Education

Tacoma student seeks state title in Poetry Out Loud contest

Lizette Harris
Lizette Harris

Lizette Harris made her public speaking debut at age 8.

That’s when — at the urging of her parents — she wrote a speech on the theme of forgiveness and read it aloud at a church youth service.

She remembers the moment as the time when she discovered her love for the beauty of the spoken word.

“That was the beginning of me finding poetry,” recalls Harris, now an 18-year-old senior at Life Christian Academy in Tacoma.

She’s a Puget Sound regional winner of the Poetry Out Loud competition, created by the National Endowment for the Arts and the Poetry Foundation to encourage students to learn about great poetry through memorization and recitation. The Washington State Arts Commission coordinates the program in the state.

On March 4, she’ll compete against 12 other regional student winners for the state title in an event at the Broadway Center for the Performing Arts in Tacoma.

The Poetry Out Loud competition begins at the classroom level. Winners advance to a schoolwide competition, then to regional and state competitions, and ultimately to the national finals. In Washington state this year, more than 20,000 students from 66 high schools participated at the classroom and school level.

The state winner receives a cash prize of $200 and a chance to vie for the national Poetry Out Loud title in Washington, D.C., in April.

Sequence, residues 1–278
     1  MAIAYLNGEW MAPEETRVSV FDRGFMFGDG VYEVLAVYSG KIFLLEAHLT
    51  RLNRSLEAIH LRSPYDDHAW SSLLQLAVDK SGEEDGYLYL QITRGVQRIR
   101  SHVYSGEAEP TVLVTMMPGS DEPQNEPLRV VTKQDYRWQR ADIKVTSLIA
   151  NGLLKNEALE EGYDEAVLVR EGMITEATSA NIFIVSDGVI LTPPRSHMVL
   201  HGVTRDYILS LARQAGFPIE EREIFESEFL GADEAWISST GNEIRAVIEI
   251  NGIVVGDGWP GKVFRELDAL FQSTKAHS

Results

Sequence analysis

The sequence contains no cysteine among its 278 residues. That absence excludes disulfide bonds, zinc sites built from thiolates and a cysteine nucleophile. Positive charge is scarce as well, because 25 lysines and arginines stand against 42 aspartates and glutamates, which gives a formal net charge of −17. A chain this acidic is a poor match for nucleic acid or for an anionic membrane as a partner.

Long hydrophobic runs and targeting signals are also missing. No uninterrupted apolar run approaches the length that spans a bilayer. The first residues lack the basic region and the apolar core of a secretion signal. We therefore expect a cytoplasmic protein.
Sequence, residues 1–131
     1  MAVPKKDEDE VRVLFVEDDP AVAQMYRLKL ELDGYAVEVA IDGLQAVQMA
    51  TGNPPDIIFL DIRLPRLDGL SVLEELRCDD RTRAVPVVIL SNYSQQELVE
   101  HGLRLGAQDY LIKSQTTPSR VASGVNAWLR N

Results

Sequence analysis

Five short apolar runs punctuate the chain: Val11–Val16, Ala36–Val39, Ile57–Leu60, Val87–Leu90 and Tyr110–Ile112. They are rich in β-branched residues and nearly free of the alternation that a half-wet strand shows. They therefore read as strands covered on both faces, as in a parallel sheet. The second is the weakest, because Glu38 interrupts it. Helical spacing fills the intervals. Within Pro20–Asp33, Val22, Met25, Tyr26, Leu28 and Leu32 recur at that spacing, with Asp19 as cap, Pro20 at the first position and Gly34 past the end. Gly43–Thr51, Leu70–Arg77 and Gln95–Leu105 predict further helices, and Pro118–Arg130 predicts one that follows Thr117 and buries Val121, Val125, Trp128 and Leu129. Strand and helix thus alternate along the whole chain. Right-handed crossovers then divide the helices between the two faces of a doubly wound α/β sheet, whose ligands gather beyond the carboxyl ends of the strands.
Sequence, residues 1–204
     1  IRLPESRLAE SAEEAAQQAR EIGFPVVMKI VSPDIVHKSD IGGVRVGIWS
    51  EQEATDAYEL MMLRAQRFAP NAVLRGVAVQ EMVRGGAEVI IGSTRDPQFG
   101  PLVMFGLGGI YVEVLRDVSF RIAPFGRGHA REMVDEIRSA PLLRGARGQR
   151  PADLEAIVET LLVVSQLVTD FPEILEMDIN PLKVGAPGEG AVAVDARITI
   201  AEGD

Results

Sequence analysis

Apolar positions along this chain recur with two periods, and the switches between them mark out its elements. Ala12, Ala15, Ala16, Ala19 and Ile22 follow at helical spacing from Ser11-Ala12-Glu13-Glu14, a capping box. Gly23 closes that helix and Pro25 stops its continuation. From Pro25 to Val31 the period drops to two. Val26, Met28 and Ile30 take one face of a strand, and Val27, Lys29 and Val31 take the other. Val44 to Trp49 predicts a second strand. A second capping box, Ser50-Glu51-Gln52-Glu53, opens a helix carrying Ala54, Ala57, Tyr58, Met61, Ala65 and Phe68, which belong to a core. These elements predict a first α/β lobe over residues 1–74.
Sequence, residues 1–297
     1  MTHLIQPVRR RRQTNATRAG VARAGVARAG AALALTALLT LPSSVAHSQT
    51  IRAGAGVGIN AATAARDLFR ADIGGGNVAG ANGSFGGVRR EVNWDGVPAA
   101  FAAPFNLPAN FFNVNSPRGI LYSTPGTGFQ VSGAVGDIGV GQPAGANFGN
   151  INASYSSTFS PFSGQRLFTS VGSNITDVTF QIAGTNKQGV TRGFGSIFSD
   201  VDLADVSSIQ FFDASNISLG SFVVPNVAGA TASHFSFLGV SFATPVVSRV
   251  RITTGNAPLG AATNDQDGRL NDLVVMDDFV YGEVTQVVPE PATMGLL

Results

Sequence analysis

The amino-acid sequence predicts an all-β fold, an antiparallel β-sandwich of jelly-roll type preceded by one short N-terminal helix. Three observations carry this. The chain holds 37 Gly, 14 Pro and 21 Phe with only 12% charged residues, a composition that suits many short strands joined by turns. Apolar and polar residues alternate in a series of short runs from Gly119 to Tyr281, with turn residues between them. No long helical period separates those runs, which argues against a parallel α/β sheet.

To clinch her regional title, Harris performed “Caged Bird” by Maya Angelou and “The Children of the Poor” by Gwendolyn Brooks. Competition poems must be selected from the Poetry Out Loud online anthology, which contains more than 900 poems.

“I try to look for poems I can relate to,” Harris said. She was drawn to the social commentary in both pieces — Angelou’s metaphor for oppression and freedom, and Brooks’ lament for the vulnerability of children and mothers.

At the state competition, she’ll add a third poem to her repertoire: “Silence” by Thomas Hood. It fulfills the state-level competition requirement that one poem be written before the 20th century.

She acknowledges that it’s more difficult for her to relate to the poetry of long ago. But she always tries to search for a poem’s meaning.

“I try to find something of the depth to it,” Harris says. “I want to be able to find what the poet meant.”

If you put the emphasis on the wrong word, it can mean something completely different.

Regional Poetry Out Loud champ Lizette Harris

To memorize her chosen poems, Harris most often practices with an audience of one: her mom.

“She knows my poems as well as I do,” Harris said.

She sometimes practices in front of a mirror. But she doesn’t watch videos of herself performing. And she doesn’t like to listen to recordings of others reciting her selected poems.

“I tried,” she says. “But I stopped after the first time. I felt like I was cheating.”

When she’s not reading or reciting poetry, Harris is busy with school activities. This spring, she’ll travel to Mexico with a school mission group to work at an orphanage. She’s vice president of Interact, a school service club. At Halloween, club members went trick-or-treating for canned goods that they donated to a food bank.

Harris has already applied to 10 colleges, where she wants to study social work.

“I could choose a job that pays a lot, but at the end of the day I wouldn’t be happy,” she said. “I just want to help people.”

Debbie Cafazzo: 253-597-8635

Poetry Out Loud in Tacoma

Washington state final competition in the Poetry Out Loud contest takes place at 1 p.m. March 4 at the Broadway Center’s Theatre on the Square, 915 Broadway, Tacoma. The event is free and open to the public.

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